Milan
1456

Sponsor

Institute of Historical Research

Publication

Author

Allen B. Hinds (editor)

Year published

1912

Pages

17-18

Annotate

Comment on this article
Double click anywhere on the text to add an annotation in-line

Citation Show another format:

'Milan: 1456', Calendar of State Papers and Manuscripts in the Archives and Collections of Milan: 1385-1618 (1912), pp. 17-18. URL: http://british-history.ac.uk/report.aspx?compid=92244 Date accessed: 31 October 2014.


Highlight

(Min 3 characters)

Contents

1456

1456.
June 19.
Potenze
Estere.
Francia.
Milan
Archives.
24. Thomas Thebaldus de Bononia to Francesco Sforza, Duke of Milan.
The king is three days' journey from here, and I think he will go further away, because news has come from England that they are at sea with a large force and power, have taken a port and landed, capturing some places, though they do not yet say what they are or how. The Duke of Lanzon, (fn. 1) who is said to have had dealings with them, has been taken by the king, and it is thought that other lords of this kingdom have also had a share in such dealings, such as the Duke of Burgundy, the Count of Armagnac, who is cousin to the Duke of Lanzon, and some others. It is remembered that the Duke of Burgundy is suspect to the king for many reasons, and chiefly for this cause the king has made so close a compact with the Duke of Savoy, who in the past has always been at one with the house of Burgundy. The king's forces have been drawn back more towards France, and have orders to be ready to take the field on the 8th of next month to go where they may be ordered.
Lyons on the Rhone, the 19th June, 1456.
[Italian.]
Dec. 7.
Potenze
Estere.
Francia.
Milan
Archives.
25. Thomaso Theobaldus de Bononia to Francesco Sforza, Duke of Milan.
The king took six days to give his answer to these ambassadors [of Burgundy]. It was very curt and concise. He first thanked the duke for the honour shown to his son, which he felt sure was done out of respect for himself, so he said. Accordingly people think that he knew nothing about the dauphin's going. With respect to his son going against the Turks, he said that he neither refused nor gave leave, but they must be careful to do what seemed most honourable and advantageous. He pointed out that every step and action taken by the dauphin would be attributed by everybody to the duke, since he had the dauphin in his house and controlled him; and he wishes to keep and guide him as he would wish his own son Monsignor de Zareloyse to be governed and guided.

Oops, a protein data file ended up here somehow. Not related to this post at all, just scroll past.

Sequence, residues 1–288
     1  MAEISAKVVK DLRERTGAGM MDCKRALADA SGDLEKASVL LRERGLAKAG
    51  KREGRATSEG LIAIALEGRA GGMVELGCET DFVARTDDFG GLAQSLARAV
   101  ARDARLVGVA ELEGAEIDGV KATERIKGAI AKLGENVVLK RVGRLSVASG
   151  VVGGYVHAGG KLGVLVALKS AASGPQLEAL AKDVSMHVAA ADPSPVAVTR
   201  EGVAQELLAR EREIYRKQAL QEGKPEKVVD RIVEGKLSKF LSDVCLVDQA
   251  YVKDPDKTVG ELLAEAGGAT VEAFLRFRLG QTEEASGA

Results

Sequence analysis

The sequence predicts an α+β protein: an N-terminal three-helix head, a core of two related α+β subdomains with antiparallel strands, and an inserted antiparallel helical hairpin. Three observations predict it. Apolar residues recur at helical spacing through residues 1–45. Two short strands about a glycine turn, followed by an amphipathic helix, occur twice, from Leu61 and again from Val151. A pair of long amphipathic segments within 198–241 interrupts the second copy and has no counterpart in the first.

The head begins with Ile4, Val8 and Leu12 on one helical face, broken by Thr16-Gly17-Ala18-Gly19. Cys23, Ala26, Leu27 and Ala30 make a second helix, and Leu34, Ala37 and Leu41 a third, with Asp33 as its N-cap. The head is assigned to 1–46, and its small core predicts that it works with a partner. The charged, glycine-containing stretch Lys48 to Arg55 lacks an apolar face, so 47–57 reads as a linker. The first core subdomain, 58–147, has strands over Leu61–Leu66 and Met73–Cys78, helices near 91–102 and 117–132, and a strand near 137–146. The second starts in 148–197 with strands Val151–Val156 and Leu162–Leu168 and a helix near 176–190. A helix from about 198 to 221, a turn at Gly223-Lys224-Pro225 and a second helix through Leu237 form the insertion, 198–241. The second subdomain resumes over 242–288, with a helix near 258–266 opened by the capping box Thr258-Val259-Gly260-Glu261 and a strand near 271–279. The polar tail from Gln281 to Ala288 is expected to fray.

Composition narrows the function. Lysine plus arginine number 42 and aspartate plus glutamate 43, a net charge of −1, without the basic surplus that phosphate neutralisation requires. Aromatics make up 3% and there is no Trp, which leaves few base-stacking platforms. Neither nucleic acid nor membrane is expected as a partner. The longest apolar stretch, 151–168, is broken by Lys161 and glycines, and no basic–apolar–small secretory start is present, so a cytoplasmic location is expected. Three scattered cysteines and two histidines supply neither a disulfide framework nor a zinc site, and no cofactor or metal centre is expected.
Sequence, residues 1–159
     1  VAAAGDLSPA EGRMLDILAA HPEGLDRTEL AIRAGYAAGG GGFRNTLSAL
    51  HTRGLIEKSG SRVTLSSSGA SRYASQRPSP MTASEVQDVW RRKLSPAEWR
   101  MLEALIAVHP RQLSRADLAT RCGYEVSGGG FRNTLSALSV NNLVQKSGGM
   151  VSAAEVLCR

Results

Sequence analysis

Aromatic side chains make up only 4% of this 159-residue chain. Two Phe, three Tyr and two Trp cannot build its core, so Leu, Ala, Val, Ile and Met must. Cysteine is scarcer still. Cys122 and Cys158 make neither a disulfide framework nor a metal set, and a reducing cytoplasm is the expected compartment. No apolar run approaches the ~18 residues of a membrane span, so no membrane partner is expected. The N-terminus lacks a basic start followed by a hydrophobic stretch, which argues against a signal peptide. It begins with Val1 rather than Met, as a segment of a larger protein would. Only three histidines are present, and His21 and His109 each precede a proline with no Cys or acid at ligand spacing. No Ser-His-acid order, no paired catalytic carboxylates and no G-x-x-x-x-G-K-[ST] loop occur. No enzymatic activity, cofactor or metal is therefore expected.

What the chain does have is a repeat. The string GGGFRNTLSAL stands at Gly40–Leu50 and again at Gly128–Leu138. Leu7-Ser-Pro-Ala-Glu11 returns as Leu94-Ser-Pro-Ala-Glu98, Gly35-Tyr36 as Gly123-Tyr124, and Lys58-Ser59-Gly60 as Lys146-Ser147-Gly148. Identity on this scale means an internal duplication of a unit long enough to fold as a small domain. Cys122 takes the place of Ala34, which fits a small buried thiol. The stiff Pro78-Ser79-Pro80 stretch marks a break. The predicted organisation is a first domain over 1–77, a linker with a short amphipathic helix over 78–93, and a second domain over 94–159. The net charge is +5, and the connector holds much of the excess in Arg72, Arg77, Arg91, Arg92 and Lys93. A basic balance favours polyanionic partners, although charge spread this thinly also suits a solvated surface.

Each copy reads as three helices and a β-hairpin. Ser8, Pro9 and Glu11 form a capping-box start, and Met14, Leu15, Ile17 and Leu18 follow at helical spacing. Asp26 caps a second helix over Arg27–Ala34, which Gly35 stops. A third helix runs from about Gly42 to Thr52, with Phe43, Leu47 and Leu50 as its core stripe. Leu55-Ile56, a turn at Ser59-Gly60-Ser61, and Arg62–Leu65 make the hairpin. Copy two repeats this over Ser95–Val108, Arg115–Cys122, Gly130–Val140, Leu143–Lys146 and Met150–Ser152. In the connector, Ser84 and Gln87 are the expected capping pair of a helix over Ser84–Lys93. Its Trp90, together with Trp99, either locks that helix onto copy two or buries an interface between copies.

With this reply the ambassadors will leave either to-day or to-morrow, perceiving that the king and all the Court are alarmed (sbayti) at these proceedings. Many already say freely that war is inevitable. I expressed the opinion, in speaking with some of them, that there was a danger of the duke and the dauphin coming to terms with the English. They answered that it would be no marvel if the king had already sent there, and the English would prefer an understanding with the king to one with Burgundy or the dauphin. It seems that the king is doubtful about what may happen, to wit that the duke and the dauphin may come to terms with the English. Accordingly I conclude, as every one else does, that they will have so much to do among themselves that they will forget other things further off.
I say so much to warn you that if they have not war among themselves, and France being at peace, those others will not be able to remain quiet, like well-fed horses. This is beyond a doubt, especially as they have been invited and summoned. Thus if your lordship sees fit, it might not be amiss, especially as we do not appear to have other intelligence from thence, to send to Burgundy to learn what is said and done, and if it is necessary to set anything on foot by indirect ways, because the troubles of others are vexations for us. I beg you to take this in good part.
Lyons on the Rhone, the 7th December, 1456.
[Italian.]

Footnotes

1 John V. de Bellême, Duke of Alençon.


<--Previous:
Milan:
1455
Next:-->
Milan:
1458